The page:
Effects of Home-Based Emotional Disclosure in Rheumatoid Arthritis
Information source: UMC Utrecht
Information obtained from ClinicalTrials.gov on December 31, 2007
Link to the current ClinicalTrials.gov record.
Condition(s) targeted: Rheumatoid Arthritis
Intervention: home-based emotional disclosure (Behavioral); time management control condition (Behavioral)
Phase: Phase 2
Sponsored by: UMC Utrecht
Official(s) and/or principal investigator(s):
Henriët van Middendorp, PhD, Principal Investigator, Affiliation: Utrecht University, Department of Clinical and Health Psychology
Rinie Geenen, PhD, Study Chair, Affiliation: Utrecht University, Department of Clinical and Health Psychology
Johannes WJ Bijlsma, PhD, MD, Study Director, Affiliation: University Medical Center Utrecht, Department of Rheumatology & Clinical Immunology
The purpose of the study is threefold: 1) to develop a home-based emotional disclosure
intervention inducing core elements of change (emotional engagement, cognitive restructuring,
and positive future directedness); 2) to examine in a randomized controlled trial in patients
with rheumatoid arthritis the induction of the core elements and the feasibility of the
intervention for home application; and, 3) to examine the psychological, clinical, and
physiological effects of the adapted emotional disclosure intervention and the modulating
role of cognitive-emotional change and individual differences in emotion regulation.
Official title: Psychological, Physiological, and Clinical Consequences of Emotional Disclosure in Rheumatoid Arthritis (RA)
Study design: Treatment, Randomized, Double-Blind, Placebo Control, Parallel Assignment, Efficacy Study
Both measures at baseline, 1 week after intervention, and 3 months after intervention.
Feasibility: adherence, compliance with instructions, perceived viability, clinical safety; all measured during or immediately after the intervention).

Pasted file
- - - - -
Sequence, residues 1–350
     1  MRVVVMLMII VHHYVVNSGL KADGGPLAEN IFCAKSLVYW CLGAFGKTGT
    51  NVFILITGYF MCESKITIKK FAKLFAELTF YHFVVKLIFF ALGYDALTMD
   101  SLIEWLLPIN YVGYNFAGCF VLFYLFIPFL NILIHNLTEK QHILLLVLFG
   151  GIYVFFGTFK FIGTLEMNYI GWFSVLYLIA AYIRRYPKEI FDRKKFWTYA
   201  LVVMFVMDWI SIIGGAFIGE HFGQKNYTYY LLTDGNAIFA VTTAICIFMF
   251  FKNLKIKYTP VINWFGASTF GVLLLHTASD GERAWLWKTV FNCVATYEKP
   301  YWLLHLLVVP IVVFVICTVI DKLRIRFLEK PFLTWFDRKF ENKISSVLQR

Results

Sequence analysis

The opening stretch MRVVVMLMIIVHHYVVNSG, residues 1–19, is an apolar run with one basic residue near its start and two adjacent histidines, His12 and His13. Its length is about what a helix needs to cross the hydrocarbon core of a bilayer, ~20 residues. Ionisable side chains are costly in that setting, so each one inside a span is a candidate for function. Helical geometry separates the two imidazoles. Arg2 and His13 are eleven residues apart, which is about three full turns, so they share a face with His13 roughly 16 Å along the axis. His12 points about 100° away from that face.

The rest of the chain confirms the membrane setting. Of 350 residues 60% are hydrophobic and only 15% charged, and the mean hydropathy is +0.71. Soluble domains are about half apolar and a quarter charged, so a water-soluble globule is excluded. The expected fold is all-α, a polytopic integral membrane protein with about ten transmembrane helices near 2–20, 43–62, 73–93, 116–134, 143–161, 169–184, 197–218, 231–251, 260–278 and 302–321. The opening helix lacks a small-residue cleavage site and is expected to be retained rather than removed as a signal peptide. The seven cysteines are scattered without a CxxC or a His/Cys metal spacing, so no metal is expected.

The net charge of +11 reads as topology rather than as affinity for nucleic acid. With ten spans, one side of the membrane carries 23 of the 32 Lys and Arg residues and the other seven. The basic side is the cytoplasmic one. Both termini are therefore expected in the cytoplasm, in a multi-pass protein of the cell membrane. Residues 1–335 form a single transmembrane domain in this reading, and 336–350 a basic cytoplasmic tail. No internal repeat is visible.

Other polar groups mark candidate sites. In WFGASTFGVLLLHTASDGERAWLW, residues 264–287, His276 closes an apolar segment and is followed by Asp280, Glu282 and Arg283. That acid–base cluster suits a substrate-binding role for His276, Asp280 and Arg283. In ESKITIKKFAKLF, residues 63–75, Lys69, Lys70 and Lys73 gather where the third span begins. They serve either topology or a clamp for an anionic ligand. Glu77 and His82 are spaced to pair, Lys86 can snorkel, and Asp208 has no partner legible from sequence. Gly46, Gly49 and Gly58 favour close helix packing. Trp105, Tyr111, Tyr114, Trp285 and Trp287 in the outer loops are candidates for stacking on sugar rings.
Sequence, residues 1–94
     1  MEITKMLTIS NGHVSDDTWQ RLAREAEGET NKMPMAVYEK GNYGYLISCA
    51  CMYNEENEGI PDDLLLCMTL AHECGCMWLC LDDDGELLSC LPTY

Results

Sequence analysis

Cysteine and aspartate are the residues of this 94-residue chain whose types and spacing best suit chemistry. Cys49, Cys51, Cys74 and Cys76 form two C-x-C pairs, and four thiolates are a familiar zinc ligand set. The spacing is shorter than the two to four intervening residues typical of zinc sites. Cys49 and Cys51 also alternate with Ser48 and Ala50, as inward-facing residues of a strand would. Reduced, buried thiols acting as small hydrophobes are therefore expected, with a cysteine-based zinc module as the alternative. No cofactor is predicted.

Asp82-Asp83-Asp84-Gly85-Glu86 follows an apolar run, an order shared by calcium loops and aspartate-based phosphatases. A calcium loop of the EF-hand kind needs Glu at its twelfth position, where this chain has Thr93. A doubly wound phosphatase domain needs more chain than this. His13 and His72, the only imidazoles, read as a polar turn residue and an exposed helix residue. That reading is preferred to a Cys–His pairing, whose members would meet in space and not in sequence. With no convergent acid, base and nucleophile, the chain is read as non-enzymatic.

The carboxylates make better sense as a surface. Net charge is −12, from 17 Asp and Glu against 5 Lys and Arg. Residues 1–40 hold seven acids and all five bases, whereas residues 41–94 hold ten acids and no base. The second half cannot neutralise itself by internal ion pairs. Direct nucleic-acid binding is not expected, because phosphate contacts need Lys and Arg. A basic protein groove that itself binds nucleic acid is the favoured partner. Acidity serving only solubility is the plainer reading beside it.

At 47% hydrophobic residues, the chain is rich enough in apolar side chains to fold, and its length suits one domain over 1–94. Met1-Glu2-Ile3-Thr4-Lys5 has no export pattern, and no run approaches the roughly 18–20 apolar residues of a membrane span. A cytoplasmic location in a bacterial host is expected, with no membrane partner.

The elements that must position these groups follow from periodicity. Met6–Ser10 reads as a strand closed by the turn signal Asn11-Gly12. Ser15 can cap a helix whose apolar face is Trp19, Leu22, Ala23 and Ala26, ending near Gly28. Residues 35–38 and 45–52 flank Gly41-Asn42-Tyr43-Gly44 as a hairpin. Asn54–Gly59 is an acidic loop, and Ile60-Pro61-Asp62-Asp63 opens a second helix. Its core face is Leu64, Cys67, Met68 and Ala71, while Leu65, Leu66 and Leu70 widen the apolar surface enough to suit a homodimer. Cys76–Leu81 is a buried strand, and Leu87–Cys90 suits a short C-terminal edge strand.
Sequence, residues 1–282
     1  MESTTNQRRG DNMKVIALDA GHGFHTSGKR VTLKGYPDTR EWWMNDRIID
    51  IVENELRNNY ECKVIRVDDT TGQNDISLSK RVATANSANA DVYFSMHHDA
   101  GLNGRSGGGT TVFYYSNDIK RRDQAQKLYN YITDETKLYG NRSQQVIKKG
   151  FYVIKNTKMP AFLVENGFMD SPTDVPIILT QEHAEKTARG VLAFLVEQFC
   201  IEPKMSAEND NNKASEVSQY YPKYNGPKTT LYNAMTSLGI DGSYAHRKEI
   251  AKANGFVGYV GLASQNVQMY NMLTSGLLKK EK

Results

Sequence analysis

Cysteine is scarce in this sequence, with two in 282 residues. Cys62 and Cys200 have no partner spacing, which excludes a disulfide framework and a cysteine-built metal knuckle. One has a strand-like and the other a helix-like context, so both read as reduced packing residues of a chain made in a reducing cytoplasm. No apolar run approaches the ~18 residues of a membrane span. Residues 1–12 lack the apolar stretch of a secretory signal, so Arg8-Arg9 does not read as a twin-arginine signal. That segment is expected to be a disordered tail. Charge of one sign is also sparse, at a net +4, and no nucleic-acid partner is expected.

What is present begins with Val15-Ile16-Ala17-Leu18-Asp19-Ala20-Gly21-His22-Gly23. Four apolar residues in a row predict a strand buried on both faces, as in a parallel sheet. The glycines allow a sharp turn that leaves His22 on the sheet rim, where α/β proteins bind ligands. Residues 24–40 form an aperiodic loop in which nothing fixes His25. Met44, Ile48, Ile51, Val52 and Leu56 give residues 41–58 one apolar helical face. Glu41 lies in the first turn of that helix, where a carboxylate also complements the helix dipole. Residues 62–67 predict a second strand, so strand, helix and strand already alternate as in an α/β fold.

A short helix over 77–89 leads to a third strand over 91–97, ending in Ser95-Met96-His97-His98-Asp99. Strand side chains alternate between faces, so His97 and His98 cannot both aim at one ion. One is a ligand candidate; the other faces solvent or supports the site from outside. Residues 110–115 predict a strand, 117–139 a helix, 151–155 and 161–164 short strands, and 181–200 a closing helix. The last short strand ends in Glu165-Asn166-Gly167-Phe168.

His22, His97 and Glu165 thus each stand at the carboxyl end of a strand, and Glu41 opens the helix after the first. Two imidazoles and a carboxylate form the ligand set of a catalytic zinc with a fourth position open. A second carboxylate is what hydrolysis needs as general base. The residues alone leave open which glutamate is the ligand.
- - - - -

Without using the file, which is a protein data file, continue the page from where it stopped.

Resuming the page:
Induction of core elements: immediate negative affect change, emotion, insight, and optimism word use during the intervention.
Clinical measures: Joint score; Erythrocyte Sedimentation Rate; both measures at baseline, 1 week after intervention, and 3 months after intervention.
Physiological measures: 24-h Urinary cortisol; 24-h Urinary noradrenaline; IL-6; IFN-γ; IL-10; all measures at baseline, 1 week after intervention, and 3 months after intervention.
Emotional disclosure has been suggested to alleviate psychological and physical stress in
chronically ill people. Emotional engagement, cognitive restructuring, and positive future
directedness are considered core elements to induce change in emotional disclosure
interventions. The aim of our randomized controlled trial in patients with rheumatoid
arthritis is to examine the psychological, clinical, and physiological effects of an
emotional disclosure intervention adapted for home application and the modulating role of
cognitive-emotional change and individual differences in emotion regulation.
Minimum age: 18 Years.
Maximum age: N/A.
Diagnosis of rheumatoid arthritis according to the criteria of the American College of
Rheumatology (Arthritis Rheum 1988;31: 315-24
Written informed consent
Locations and Contacts
Utrecht University, Department of Clinical and Health Psychology, Utrecht PO Box 80.140, 3508 TC, Netherlands
Starting date: September 2002
Ending date: June 2003
Last updated: April 16, 2007